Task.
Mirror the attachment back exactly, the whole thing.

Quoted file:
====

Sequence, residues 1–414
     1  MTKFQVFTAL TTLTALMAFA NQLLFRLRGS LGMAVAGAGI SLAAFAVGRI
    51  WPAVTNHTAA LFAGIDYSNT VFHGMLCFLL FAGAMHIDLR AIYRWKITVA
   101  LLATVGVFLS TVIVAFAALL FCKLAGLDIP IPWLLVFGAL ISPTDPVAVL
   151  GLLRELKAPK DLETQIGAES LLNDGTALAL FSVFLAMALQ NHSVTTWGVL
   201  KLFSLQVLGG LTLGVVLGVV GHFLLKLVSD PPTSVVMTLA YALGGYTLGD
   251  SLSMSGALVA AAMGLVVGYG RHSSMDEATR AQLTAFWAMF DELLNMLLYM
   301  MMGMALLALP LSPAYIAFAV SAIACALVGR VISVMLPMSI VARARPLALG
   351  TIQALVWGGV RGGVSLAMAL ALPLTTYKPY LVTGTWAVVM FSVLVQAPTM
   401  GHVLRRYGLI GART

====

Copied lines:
Sequence, residues 1–414
     1  MTKFQVFTAL TTLTALMAFA NQLLFRLRGS LGMAVAGAGI SLAAFAVGRI
    51  WPAVTNHTAA LFAGIDYSNT VFHGMLCFLL FAGAMHIDLR AIYRWKITVA
   101  LLATVGVFLS TVIVAFAALL FCKLAGLDIP IPWLLVFGAL ISPTDPVAVL
   151  GLLRELKAPK DLETQIGAES LLNDGTALAL FSVFLAMALQ NHSVTTWGVL
   201  KLFSLQVLGG LTLGVVLGVV GHFLLKLVSD PPTSVVMTLA YALGGYTLGD
   251  SLSMSGALVA AAMGLVVGYG RHSSMDEATR AQLTAFWAMF DELLNMLLYM
   301  MMGMALLALP LSPAYIAFAV SAIACALVGR VISVMLPMSI VARARPLALG
   351  TIQALVWGGV RGGVSLAMAL ALPLTTYKPY LVTGTWAVVM FSVLVQAPTM
   401  GHVLRRYGLI GART